to other manual pages. For details, type @kbd{C-h m} while in a Man
mode buffer.
@cindex sections of manual pages
Each man page belongs to one of ten or more @dfn{sections}, each
named by a digit or by a digit and a letter. Sometimes there are
multiple man pages with the same name in different sections. To read
a man page from a specific section, type
@samp{@var{topic}(@var{section})} or @samp{@var{section} @var{topic}}
when @kbd{M-x manual-entry} prompts for the topic. For example, to
read the man page for the C library function @code{chmod} (as opposed
to a command of the same name), type @kbd{M-x manual-entry @key{RET}
chmod(2) @key{RET}}. (@code{chmod} is a system call, so it is in
section @samp{2}.)
named by a digit or by a digit and a letter. Sometimes there are man
pages with the same name in different sections. To read a man page
from a specific section, type @samp{@var{topic}(@var{section})} or
@samp{@var{section} @var{topic}} when @kbd{M-x manual-entry} prompts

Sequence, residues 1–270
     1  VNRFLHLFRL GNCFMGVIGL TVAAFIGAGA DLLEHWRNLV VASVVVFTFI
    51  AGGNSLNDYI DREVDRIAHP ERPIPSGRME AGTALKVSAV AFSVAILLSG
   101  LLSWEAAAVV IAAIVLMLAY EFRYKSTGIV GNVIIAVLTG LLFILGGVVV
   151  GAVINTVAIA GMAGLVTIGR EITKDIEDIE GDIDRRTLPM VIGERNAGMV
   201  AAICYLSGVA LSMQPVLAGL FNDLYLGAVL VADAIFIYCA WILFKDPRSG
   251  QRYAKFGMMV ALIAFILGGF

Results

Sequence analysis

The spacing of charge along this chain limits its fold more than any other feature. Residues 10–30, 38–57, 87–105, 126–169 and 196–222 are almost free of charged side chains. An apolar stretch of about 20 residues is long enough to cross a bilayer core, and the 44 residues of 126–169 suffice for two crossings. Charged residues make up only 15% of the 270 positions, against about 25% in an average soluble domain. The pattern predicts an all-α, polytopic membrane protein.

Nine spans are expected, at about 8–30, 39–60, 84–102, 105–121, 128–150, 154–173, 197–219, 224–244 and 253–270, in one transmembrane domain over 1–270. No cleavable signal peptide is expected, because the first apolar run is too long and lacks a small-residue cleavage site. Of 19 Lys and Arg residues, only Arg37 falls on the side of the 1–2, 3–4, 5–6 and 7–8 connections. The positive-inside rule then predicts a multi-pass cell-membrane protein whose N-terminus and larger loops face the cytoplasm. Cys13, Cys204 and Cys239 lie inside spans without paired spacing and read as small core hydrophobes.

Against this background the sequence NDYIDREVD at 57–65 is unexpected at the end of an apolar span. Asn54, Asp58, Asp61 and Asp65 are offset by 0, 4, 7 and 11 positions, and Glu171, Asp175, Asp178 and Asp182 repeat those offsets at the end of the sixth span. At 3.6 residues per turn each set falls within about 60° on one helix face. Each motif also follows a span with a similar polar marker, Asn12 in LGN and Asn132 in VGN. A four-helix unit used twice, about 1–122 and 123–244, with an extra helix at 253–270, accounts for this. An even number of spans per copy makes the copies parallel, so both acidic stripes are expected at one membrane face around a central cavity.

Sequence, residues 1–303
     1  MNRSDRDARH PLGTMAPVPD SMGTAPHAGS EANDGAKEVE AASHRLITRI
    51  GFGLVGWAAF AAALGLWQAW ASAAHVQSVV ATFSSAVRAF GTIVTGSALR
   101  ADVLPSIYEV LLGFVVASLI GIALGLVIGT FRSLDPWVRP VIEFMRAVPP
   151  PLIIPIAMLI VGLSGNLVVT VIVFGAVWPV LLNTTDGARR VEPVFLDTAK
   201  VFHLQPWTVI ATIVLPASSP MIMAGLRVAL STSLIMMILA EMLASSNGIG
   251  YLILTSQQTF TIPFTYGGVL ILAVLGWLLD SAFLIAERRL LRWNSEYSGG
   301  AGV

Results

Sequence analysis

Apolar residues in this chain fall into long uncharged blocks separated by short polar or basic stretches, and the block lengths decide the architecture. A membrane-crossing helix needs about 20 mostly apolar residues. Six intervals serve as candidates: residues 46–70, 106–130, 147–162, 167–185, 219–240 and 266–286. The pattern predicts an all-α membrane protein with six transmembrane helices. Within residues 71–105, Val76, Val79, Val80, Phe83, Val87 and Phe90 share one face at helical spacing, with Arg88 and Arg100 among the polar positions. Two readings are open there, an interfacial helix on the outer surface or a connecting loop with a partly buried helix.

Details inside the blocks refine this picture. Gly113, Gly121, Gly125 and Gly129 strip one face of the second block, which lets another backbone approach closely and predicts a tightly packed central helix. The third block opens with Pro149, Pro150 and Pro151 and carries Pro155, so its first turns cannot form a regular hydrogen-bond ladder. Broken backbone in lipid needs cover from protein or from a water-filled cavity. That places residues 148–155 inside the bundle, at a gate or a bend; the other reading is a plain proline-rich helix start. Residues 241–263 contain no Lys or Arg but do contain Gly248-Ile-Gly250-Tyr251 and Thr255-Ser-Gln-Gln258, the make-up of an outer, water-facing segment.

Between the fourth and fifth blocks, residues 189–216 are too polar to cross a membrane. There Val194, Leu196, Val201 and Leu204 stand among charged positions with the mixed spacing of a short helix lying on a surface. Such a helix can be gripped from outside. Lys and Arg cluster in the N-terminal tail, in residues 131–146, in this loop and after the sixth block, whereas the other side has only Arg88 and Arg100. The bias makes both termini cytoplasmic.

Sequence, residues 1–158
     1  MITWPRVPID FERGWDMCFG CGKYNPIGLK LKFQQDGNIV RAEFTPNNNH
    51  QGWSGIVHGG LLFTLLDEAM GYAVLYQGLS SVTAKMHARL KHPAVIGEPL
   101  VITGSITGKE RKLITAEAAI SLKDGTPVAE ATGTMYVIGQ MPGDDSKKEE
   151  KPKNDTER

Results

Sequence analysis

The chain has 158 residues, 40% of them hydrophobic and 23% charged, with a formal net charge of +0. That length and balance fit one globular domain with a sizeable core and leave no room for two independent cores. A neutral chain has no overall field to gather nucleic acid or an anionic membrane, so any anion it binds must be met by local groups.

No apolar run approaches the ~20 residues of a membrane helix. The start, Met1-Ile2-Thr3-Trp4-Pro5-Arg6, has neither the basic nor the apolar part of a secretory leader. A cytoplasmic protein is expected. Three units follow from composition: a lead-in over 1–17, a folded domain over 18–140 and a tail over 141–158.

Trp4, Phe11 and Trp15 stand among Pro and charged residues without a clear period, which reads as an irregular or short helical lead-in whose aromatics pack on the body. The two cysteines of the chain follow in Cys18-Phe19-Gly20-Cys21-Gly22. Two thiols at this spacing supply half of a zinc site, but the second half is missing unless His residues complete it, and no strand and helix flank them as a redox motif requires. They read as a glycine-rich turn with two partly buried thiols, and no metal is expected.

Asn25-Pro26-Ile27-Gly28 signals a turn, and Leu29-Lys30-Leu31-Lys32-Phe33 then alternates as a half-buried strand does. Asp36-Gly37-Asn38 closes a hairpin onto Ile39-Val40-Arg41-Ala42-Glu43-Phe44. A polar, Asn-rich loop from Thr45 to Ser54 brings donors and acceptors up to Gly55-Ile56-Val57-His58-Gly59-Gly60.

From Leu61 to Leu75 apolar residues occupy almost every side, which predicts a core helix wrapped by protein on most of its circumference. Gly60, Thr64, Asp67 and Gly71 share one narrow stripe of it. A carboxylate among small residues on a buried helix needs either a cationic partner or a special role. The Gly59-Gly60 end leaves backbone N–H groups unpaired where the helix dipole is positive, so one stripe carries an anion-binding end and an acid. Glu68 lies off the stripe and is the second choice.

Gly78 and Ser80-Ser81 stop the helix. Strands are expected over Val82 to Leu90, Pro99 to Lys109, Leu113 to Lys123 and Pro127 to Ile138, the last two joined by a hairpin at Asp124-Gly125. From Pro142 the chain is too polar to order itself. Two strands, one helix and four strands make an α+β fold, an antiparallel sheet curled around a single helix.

for the topic. For example, the man page for the C library function
@code{chmod} is in section 2, but there is a shell command of the same
name, whose man page is in section 1; to view the former, type
@kbd{M-x manual-entry @key{RET} chmod(2) @key{RET}}.
@vindex Man-switches
If you do not specify a section, the results depend on how the
@code{man} program works on your system. Some of them display only
the first man page they find. Others display all man pages that have
the specified name, so you can move between them with the @kbd{M-n}
and @kbd{M-p} keys@footnote{On some systems, the @code{man} program
accepts a @samp{-a} command-line option which tells it to display all
the man pages for the specified topic. If you want this behavior, you
can add this option to the value of the variable @code{Man-switches}.}.
The mode line shows how many manual pages are present in the Man buffer.
@vindex Man-fontify-manpage-flag
By default, Emacs highlights the text in man pages. For a long man
page, highlighting can take substantial time. You can turn off
highlighting of man pages by setting the variable
@code{Man-fontify-manpage-flag} to @code{nil}.
@findex Man-fontify-manpage
If you insert the text of a man page into an Emacs buffer in some
other fashion, you can use the command @kbd{M-x Man-fontify-manpage} to
perform the same conversions that @kbd{M-x manual-entry} does.
@kindex M-n @r{(Man mode)}
@kindex M-p @r{(Man mode)}
If you do not specify a section, @kbd{M-x man} normally displays
only the first man page found. On some systems, the @code{man}
program accepts a @samp{-a} command-line option, which tells it to